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Brook Drumm created the wonderful original which is far more rigid and can print much better then most of you would think. It is a great design with small overall dimension but for all that with a big print area. This is the reason that there are a lot of derivates. Thank you very much Brook for that genius idea.
My intention was to be as close as possible to the original parts but with a lot improvements.
Here is one of my first prints: http://www.youtube.com/watch?v=lmT9ujijztQ
This printer is optimized for T2.5 belts and 18 teeth aluminium driving gears.
The main parts such as: bases, x-ends and x-carriage with extruder mount are in principle compatible with the original Printrbot. So it is possible to replace them. But with limitations:
The centre line of the x-idler pulley is 0.43 mm higher.
The centre line of the x-motor axis is 0.45 mm higher.
The x-carriage and the extruder mount can only be used together. Due to the different way of fastening the belt, the belt will be 4.5 mm lower.
Most of the parts have holes for tapping drill holes. If you cut the tapping drill holes you must be careful to keep them self-locking. Better use a set of three taps and use only the first one. The tapping drill holes should be as tight as possible.
The width is 100 mm. This increases the self-supporting and extend the bearing clearance of the y-bearings for more guidance bar.
The cut outs for the bearings are longer (25.6 mm) to make it possible to use also IGUS bearings.
There are two M3 tapping drill holes (y-direction) on each side. They are intended for several use:
To fasten the z smooth rod in case it became loose.
To mount a clamp, a socket outlet and plug or whatever.
In x direction are two M3 tapping drill holes.
You can use them to justify the stepper motors orthogonal if needed.
On the bottom are three M4 tapping drill holes.
One in the middle to push out the smooth rod in case it is very trapped and you want to remove it.
The other two can be use to mount the bases on a board.
The two cut outs are cable slots.
On the back side it has a nose for the z-endstop with a M3 tapping drill hole. On the top is a M3 screw nut deepening. This is only if you may have cut the threaded hole to wide. In this case you can bond a locknut into the nut deepening or try to bore up for a M4 screw.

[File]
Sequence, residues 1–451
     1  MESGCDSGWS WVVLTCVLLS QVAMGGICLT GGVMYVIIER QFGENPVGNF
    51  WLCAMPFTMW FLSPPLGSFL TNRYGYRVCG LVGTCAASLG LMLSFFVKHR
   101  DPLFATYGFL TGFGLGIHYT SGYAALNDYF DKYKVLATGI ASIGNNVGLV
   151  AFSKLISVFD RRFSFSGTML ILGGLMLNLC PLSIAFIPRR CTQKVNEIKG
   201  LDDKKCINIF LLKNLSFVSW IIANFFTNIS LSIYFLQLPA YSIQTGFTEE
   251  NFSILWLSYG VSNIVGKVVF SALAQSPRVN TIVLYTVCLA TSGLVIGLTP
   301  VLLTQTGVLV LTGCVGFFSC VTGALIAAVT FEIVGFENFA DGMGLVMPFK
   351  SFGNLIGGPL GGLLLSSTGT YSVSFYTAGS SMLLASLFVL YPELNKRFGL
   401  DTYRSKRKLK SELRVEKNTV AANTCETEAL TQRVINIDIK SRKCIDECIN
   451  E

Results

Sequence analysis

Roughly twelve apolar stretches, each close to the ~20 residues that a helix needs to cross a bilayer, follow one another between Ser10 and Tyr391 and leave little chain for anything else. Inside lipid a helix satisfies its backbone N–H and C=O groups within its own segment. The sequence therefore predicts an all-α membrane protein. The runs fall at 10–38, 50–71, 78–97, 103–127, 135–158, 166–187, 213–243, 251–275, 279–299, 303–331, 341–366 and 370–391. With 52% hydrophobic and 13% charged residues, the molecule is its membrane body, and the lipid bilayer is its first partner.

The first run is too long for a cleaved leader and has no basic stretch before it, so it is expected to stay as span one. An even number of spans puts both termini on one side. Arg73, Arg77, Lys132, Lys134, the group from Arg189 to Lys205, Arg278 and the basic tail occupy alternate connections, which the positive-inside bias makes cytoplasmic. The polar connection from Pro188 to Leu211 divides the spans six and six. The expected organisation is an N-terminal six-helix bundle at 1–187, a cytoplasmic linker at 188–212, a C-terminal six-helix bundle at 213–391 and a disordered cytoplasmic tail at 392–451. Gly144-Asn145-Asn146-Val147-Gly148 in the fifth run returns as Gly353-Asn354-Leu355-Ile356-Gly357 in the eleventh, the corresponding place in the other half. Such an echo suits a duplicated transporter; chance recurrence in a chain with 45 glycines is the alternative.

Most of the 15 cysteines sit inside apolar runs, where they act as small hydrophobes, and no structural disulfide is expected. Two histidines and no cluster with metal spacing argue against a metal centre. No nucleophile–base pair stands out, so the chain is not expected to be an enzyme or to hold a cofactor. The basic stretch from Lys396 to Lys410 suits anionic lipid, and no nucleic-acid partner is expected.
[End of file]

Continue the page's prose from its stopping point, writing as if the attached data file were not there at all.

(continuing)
In y- direction you can screw in a M4x12 mm screw to fasten the smooth x-rods.
Additional you can use two M3 tapping drill holes in x-direction to push out the smooth rod in case it is very trapped and you want to remove it, or to fix them if they are to short.
The same as the X-End-Motor but it has only one hole for M4 to fasten the upper smooth x-rod.
The x-carriage has a belt tensioner. You must cut a M3 tapping drill holes to use it. One more M3 tapping drill hole you have to cut for the x-stop adjustable screw.
The extruder mount is wider than the original to make it possible to mount my fan duct: http://www.thingiverse.com/thing:34884
It has a third bearing underneath the extruder motor to transfer load from the motor. I placed the motor as near as possible to the x-rods. The inner width between the NEMA 17 and the z-rods are only 2 mm. So don't use a bigger extruder motor ;-)
Furthermore the extruder mount has a cable slot. A good idea that came from the Hugo Printrbot.
The mount can be fasten with 2 screws. It is possible to remove the smooth rods by only declamp the screws on the clamp side. The other screws will keep the mounts in place. So you can disassemble the carriage or change the smooth rods without adjusting the mounts again.
Besides, two screws gives more stable connection.
one of the belt camps is invested with a belt tensioner.
They have three screws for better stable connection.
I made a separate Endstop to be free where to place it. For adjusting you have to cut a M3 tapping drill hole.
I use the original z-coupling from nophead: http://www.thingiverse.com/thing:17826
Thank you nophead.
I modified the ramps holder from Hugo Printrbot to fit them to my Arduino.
Clamps for 30 mm fan for cooling the electronic. I use only one for each fan.
Wersybot - a derivate of The Printrbot by wersy is licensed under the Creative Commons - Attribution license.
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